POLITICS

Beware The Title Margadarshak, For No Fate Is Worse In Indian Politics

And for Mulayam Singh Yadav it seems to be the writing on the wall.

02/01/2017 12:49 PM IST | Updated 02/01/2017 2:09 PM IST
Hindustan Times via Getty Images

There, someone has said it, the M-word.

"We have accepted Netaji as our margdarshak and we respect him," says Samajwadi Party leader Naresh Agarwal. But then he adds "Public has faith in Akhilesh."

In the dictionary of Indian politics, margdarshak is a euphemism for a politician being put out to pasture. As the BJP would no doubt agree.

When the three strong men of the BJP, L K Advani, Murli Manohar Joshi and the ailing Atal Behari Vajpayee were moved to a Margdarshak Mandal, it was clear that they were really just being moved out of the way. But no one could say that aloud.

At that time BJP spokesperson GVLN Rao had piously told the media that the Margdarshak Mandal would be a "moral guiding force" in the party and would "guide the party leadership".

Two years later when the BJP national council was held in Kerala, the margdarshak mandal had never met. When Advani and Joshi spoke up publicly, it was to lambaste the party leadership after its Bihar performance saying no lesson had been learned from the fiasco during the Delhi assembly elections. When Kirti Azad was suspended by the party, the former cricketer said he would ask the margdarshak mandal to look into the issue. The margdarshak mandal has no constitutional role, no real power but it has some nuisance value. It has transformed into the place where the veterans left out in the cold go not to guide but to pout.

In Kerala, when the Communist Party of India (Marxist) won the assembly elections last year, the veteran leader who was not getting the chief minister's job was relegated to the sidelines the moment party general secretary Sitaram Yechury likened him to Fidel Castro.

Or issue loaded like statements as Advani did when he said "I don't have the confidence that the (Emergency) cannot happen again."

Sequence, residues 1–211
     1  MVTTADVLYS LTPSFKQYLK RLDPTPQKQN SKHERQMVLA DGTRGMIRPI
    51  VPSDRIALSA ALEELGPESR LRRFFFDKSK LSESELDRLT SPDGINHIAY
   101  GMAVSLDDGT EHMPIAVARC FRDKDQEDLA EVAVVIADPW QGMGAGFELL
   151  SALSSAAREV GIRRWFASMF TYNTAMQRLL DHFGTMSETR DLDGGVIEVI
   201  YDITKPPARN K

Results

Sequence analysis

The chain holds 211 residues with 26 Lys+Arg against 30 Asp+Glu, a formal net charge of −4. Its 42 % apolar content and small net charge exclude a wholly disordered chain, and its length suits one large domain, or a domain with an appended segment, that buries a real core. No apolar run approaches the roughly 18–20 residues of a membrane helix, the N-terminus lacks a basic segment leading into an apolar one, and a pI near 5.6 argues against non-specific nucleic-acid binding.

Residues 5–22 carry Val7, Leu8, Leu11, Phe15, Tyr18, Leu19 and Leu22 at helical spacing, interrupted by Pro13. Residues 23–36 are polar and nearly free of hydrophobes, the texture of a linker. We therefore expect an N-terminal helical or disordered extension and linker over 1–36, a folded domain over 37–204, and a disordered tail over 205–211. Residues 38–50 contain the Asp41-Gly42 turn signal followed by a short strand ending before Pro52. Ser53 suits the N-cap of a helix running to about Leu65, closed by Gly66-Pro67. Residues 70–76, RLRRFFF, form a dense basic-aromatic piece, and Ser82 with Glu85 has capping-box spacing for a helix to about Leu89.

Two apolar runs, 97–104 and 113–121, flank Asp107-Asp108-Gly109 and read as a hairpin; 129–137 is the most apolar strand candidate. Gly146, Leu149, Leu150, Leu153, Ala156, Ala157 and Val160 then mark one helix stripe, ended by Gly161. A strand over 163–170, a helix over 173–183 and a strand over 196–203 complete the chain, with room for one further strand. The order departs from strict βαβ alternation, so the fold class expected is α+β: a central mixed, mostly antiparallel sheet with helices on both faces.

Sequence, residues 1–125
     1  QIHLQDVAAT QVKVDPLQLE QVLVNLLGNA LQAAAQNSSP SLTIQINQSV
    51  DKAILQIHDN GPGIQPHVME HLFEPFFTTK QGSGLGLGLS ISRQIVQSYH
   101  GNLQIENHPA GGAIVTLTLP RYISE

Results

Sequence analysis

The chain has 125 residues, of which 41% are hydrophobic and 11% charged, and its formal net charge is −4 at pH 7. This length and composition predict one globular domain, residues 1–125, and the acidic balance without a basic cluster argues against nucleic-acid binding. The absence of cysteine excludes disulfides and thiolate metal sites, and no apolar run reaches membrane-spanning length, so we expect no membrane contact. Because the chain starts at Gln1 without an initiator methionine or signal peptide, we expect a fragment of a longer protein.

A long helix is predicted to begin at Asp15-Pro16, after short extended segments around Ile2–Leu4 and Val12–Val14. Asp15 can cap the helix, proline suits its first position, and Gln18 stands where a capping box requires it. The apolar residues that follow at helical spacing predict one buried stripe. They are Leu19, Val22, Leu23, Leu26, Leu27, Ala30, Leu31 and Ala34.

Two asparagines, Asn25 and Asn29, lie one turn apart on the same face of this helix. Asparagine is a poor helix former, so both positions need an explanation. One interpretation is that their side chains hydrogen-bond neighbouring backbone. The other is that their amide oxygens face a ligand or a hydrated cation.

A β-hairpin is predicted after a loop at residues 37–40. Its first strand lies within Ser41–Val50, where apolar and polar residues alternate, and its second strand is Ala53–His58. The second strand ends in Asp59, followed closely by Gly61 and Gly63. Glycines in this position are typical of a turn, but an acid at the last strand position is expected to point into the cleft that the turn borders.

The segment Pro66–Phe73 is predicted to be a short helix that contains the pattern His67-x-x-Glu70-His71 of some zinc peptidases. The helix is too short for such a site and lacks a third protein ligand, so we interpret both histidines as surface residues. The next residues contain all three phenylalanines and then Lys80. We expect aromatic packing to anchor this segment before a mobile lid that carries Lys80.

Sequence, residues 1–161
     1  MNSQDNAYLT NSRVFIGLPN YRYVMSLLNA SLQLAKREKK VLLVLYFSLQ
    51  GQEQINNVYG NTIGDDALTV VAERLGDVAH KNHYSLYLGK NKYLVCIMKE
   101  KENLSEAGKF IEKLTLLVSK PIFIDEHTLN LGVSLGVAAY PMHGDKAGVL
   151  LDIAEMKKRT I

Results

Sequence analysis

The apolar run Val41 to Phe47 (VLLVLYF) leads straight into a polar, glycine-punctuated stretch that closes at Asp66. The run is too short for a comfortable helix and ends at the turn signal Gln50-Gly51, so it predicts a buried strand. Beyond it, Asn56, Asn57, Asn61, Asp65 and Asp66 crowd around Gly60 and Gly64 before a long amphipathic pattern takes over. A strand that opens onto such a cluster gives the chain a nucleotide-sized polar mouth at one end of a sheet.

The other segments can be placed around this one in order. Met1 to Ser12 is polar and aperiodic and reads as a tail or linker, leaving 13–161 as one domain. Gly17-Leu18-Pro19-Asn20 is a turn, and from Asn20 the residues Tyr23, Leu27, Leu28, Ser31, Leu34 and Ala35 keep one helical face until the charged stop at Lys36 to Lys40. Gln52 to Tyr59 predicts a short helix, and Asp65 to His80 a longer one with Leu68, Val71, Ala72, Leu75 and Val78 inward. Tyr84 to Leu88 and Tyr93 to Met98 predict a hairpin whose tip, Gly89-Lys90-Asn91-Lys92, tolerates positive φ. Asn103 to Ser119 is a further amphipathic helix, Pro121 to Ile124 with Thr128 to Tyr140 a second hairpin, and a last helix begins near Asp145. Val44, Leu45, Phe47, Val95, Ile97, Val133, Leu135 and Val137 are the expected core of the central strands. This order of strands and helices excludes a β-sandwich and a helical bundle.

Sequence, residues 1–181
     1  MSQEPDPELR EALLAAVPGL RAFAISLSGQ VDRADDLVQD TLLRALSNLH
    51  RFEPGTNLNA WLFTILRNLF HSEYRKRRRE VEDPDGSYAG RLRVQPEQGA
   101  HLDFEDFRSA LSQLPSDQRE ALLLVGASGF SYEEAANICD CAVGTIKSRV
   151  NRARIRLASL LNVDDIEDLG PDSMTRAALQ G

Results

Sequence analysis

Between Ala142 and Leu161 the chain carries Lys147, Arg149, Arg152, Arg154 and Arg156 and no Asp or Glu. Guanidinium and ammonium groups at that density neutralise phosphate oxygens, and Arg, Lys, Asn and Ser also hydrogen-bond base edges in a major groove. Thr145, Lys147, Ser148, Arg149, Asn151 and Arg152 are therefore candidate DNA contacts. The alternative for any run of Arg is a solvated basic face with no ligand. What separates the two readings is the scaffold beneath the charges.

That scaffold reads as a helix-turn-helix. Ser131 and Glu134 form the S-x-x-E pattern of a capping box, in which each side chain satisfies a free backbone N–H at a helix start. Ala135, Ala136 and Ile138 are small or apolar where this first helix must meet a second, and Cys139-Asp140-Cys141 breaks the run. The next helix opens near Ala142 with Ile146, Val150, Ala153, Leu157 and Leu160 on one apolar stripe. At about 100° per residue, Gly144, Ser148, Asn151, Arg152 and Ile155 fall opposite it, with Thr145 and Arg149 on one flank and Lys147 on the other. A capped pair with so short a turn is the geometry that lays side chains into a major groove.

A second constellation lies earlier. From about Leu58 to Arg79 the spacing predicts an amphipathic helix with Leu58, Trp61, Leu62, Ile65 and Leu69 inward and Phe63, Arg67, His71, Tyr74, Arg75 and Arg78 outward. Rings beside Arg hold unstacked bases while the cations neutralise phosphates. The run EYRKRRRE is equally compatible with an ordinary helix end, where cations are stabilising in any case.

The Margdarshak-ification of Mulayam Singh Yadav is playing out according to that same script of pique, pout and piety. Akhilesh falls over himself in paying tribute to Mulayam Singh Yadav even as he systematically wrests the party from him, the latest act being getting himself elected party president at a "national convention".

There's one theory that all of this drama is happening with Mulayam's full knowledge and blessing. "Everything happened with the consent of Netaji. He just did not want to get the blame for appointing his son. It is better that this has been done now when Netaji is alive," says Gorakhpur district secretary Ashok Yadav.

That conspiracy theory says that this is all elaborate shadow theatre to add national stature to Akhilesh's image before the UP election as a "martyr-hero" writes Shivam Vij. But Vij also writes that theory feels strained because it's not a secret that father and son have not been getting along. "As Akhilesh Yadav has been trying to become his own man since May 2014, Mulayam Singh Yadav has been feeling increasingly powerless," writes Vij. When Mulayam anointed Akhilesh as the chief minister, the theory was Netaji was going to focus on Delhi but the Narendra Modi-led thumping BJP victory shattered those dreams and left him as neta looking for a place from where to lead.